An Object in Motion
As any who have ever combatted inertia can attest—presumably all of us—it is far more difficult to start something than it is to keep it in motion. March is Women’s History Month, and this year the Bowers Blog turns its eye to some of the great women associated with the creation and recent history of the Bowers Museum. The first of these figures is not often mentioned but could not have been more pivotal in the foundation of the museum. Her name is Bessie Beth Coulter.
Banking on Coulter
Local history buffs will know that construction of the Bowers Museum began soon after the passing of Ada Bowers in 1929 and that by 1932 the museum had been built but could not yet open. It was amidst the Great Depression and the museum had run into funding problems: there was a general lack of interest from the city, there were no qualified staff to run the museum, and—because Charles and Ada Bowers had not themselves owned significant collections—there was essentially nothing to exhibit. In the two years following its construction the Bowers Museum collected more cobwebs than funding or artifacts. Fortunately, the museum’s luck had already started to change. The Bowers’ trust had been managed by First National Bank since 1924 and despite having already processed the gift of the museum to Santa Ana, it was still in part responsible for realizing the grantors’ dream. During a routine 1932 meeting with Bessie Beth Coulter, who was at the time serving as executor for her late husband’s estate, she mentioned that the position of Curator at the museum sounded like an interesting job.
As Luck Would Have It
Despite having almost no background in arts and culture, she piqued the interest of bank staff for having leadership positions in no less than four local organizations and committees. In the past Coulter had also published on several topics and had earned a reputation for management from having helped to organize at least two nursing programs in Omaha, Nebraska before moving out to California. The Trust Officer also knew that she could use a regular paycheck in supporting her aged mother-in-law. Two years passed between this conversation and her first entering the museum, but she was eventually selected for the position of the Bowers Museum’s first Curator. In 1935 the Works Progress Administration (WPA) was established and a portion of the money that went to Santa Ana was earmarked for the museum. With the staff and money problems solved, it was a matter of finding objects to exhibit.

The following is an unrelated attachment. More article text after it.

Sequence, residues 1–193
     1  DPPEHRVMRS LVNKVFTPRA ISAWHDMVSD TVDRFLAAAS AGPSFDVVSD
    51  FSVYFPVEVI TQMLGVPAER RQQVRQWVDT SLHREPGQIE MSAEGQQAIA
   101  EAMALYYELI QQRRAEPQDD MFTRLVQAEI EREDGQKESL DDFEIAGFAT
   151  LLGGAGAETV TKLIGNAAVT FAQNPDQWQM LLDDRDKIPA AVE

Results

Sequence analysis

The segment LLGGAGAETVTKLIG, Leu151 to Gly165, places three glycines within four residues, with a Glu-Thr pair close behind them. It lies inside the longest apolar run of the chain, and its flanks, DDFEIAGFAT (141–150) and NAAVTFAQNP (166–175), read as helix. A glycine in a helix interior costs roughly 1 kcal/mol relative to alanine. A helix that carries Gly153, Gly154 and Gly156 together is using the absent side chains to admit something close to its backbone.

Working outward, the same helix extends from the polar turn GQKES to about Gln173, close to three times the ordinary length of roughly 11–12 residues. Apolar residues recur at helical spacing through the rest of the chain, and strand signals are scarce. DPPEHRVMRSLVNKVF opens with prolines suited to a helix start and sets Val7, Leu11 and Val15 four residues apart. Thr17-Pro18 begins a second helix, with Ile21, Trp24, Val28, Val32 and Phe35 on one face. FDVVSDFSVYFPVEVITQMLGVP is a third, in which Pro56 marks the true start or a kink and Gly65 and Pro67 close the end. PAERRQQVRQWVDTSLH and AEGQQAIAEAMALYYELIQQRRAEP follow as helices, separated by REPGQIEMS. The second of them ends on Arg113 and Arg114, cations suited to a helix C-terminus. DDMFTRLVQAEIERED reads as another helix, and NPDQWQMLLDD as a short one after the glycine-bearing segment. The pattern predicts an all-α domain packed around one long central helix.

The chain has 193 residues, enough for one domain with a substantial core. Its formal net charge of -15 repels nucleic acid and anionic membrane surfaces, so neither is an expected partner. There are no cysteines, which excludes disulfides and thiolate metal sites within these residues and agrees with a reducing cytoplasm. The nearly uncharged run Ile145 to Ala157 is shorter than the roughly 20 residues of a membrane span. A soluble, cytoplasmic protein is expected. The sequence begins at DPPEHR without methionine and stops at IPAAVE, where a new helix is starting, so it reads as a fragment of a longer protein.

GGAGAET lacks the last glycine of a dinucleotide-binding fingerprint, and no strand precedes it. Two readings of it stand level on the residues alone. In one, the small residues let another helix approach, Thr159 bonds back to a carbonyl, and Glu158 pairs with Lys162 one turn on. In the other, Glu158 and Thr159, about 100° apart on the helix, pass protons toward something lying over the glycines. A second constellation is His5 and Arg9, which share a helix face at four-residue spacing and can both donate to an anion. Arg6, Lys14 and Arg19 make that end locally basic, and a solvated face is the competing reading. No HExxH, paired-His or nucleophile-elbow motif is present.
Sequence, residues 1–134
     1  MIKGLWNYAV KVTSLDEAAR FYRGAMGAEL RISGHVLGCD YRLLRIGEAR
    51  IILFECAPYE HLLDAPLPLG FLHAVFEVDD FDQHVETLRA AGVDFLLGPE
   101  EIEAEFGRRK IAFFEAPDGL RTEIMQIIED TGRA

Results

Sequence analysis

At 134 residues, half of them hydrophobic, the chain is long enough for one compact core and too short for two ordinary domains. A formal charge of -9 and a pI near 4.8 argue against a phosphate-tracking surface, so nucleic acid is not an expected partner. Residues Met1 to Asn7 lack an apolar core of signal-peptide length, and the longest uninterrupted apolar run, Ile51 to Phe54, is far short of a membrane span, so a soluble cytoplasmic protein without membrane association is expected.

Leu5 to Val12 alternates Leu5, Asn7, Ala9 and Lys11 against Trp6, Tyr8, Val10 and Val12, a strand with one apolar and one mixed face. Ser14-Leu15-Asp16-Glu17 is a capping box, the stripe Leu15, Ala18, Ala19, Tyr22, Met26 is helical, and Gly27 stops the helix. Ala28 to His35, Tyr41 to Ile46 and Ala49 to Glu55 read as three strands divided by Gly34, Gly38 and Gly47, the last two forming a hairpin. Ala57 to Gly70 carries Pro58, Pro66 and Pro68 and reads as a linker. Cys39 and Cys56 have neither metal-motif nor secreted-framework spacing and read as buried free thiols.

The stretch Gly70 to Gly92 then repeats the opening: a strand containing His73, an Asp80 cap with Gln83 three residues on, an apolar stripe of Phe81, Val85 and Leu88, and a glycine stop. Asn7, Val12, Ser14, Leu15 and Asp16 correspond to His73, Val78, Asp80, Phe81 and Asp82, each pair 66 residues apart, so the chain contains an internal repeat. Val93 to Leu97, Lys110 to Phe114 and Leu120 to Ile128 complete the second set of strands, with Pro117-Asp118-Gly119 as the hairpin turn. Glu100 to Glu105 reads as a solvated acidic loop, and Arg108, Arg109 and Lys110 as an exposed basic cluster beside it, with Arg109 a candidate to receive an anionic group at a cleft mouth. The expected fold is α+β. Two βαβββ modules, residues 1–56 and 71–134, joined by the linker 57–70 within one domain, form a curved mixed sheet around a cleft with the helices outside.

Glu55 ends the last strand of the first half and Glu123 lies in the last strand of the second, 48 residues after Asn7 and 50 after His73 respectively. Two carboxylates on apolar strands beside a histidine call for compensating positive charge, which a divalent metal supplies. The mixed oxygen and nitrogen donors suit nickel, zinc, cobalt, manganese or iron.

A Blank Page
Coulter knew being curator of the Bowers museum was going to be a difficult task. Through the WPA she was given two secretaries, an archeologist, and a clerk, all of whom were less than qualified for their positions. To secure loans and donations to the museum she made house calls across the county, reaching out to descendants of Orange’s earliest families. She started with practically nothing and built collections of artifacts from California’s Indigenous peoples, the mission period, and the rancho families. Within just two years Mrs. Coulter had accomplished the enormous task of getting the Bowers museum ready for the public. After the museum opened, she remained a ceaseless force in the advancement of the Bowers’ permanent collection and reputation. In part on the advice of other Southern Californian museums and in part to secure the Martha C. Stevens Memorial Art Collection she personally saw to the creation of a Bowers’ foundation, interviewing and hand picking the first seven members.
Dolling the Place Up
It would of course be impossible to tell the story of Bessie Beth without talking about dolls. Coulter had a guiding personal philosophy that she could rest well if she could touch the life of even one person. Feeling that it was particularly important to do so for young children, she paired her belief with another she held, that dolls could be used to teach any subject. In 1941 she put together the first Bowers International Doll Exhibition. However, the exhibition neither toured internationally nor were the dolls in it international; instead they were dressed by Coulter herself in the style of many of the cultures of the world. It was an enormous success, enough so that there was a second annual doll exhibition in 1942 and again every year that Coulter was at the museum. Over time the exhibition became more and more prestigious until it truly did become an exhibit of dolls from around the world. By the time that Coulter retired in 1960 she herself had a reputation as a leading expert on dolls. Proud as she was of her doll exhibitions, Coulter was prouder still to have created an institution which could inspire young and old minds alike. Without her it is almost certain that the Bowers could not bring international cultures to Southern California in the way it does so today.
Text and images may be under copyright. Please contact Collection Department for permission to use. References are available on request. Information subject to change upon further research.
Thoroughly enjoyed reading this history. It took me to other historical information on the internet. We are all grateful for Bessie Beth Coulter.
How interesting. I have always heard about the doll collection and often wondered why? A lovely article!
One wonders if the doll exhibition was an inspiration for Disney's "It's a Small World."
I love how Coulter used all her talents to build the Bowers collection. Thank you for this blog!
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